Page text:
A final twist on climate accounting, per capita emissions, absolves China and India entirely for their past responsibility and puts their future responsibility into perspective. By this measure, the emissions of the “emerging economies” still lag far behind those of the United States. To keep global temperature change below two degrees Celsius, however, every country in the world will need per capita emissions that only exist today in the least developed nations, and are far lower than even those of China and India today.
D&S: Is it possible to control greenhouse gas emissions in a way that squares climate stabilization with economic/human development in low-income countries and maintaining well-being in higher-income countries?
LS: It is no exaggeration to say that will be the greatest work of this and future generations, and our efforts, creativity, initiative, and willingness to change will be judged by our descendants for centuries to come. Today’s extreme and immoral global disparity in well-being has imperialism and myopic exploitation of natural resources and human communities as its root cause. How can we right that wrong?
What we think of as well-being in higher-income countries will have to change—not necessarily to something worse but certainly to something different.
D&S: Is it even possible to have a low-carbon system of production and still have something resembling the material standards of living of the high-income countries today? To the extent that, in higher-income countries, we refocus our economic goals away from growing GDP and rising standards of living (in the sense of more ““stuff””), what do you see as the key ways we should redefine the quality of life?
LS: Not only do I not know, but I don’t think anyone does. A focus on associating affluence with the consumption of services rather than goods is a start. The same could be said for durable goods over disposables. A key factor in the scale of household energy use is the size of the home, which is on the rise in the United States. A recharacterization of what it means to have an affluent home that embraces smaller living spaces (and lower energy use) would be a move in the right direction.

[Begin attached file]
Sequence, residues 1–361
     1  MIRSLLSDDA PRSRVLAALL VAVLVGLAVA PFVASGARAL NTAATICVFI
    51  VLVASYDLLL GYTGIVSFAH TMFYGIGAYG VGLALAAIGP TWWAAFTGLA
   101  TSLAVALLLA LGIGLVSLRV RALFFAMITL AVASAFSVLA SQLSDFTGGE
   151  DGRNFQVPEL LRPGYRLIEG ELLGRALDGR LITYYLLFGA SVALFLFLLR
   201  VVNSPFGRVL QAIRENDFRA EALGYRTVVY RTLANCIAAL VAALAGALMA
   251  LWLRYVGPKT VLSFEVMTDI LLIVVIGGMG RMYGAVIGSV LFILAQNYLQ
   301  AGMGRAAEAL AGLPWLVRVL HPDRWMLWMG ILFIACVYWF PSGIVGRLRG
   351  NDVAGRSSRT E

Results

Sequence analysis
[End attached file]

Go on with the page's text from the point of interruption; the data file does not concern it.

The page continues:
More generally I think it’s not just about redefining the quality of life. It’s about redefining what it means to be affluent. Affluence is some combination of being comfortably well off and doing better than your neighbor, and the trappings of affluence—the way we demonstrate it to others—are a deeply embedded part of our culture. To move a whole society towards lower energy use and emissions we need to instill new ways in which affluence is demonstrated and—even more difficult—combat the relational quality of affluence that drives us to “one up” everyone else.
D&S: What kinds of changes (e.g., in terms of the distribution of power within and between countries) are necessary to get to a sustainable way of life?
LS: I think we’ll need a next wave of democratization to get there, in the United States and around the world. What we have meant by a “democracy” has shifted over time, usually in the direction of more inclusion and more equity. In the United States our democracy needs some work to catch up with a modern, liberal understanding of inclusion and equity. At a minimum this means addressing: obstacles to voting both explicit (prisoners, ex-convicts, children) and implicit (voter repression and voting access); election policies built on the expectation of a two-party system (introducing third-party and parliamentary systems, run-off voting); and anti-democratic institutions that give less weight to votes in urban areas in which the majority of people of color live (the electoral college, the U.S. Senate).
D&S: Does this push for democratization need to extend outside the political sphere, and to the economic sphere? Does it need to extend past the boundaries of individual nation-states, to a creation of democratic global institutions to deal with global problems?
LS: We need truly democratic governance to enact inclusive and equitable economics policies. But at the same time greater economic equality leads to a more enfranchised populace that can more successfully push for truly democratic governance. Today, in the United States we are deviating from that arc of the moral universe that broadens democracy and inclusion with every generation. It’s a disheartening backlash. For those in need of a boost to their will to fight on I recommend considering the likely demographics of the U.S. voting population 10, 20, and 30 years from now.
We have international institutions that are (with a few big exceptions) organized along the principles of representative democracy. Regrettably, the United States’ actions both overt and more subtle to undermine these institutions did not begin with the current administration. A United Nations backed wholeheartedly by the United States would be a very different institution.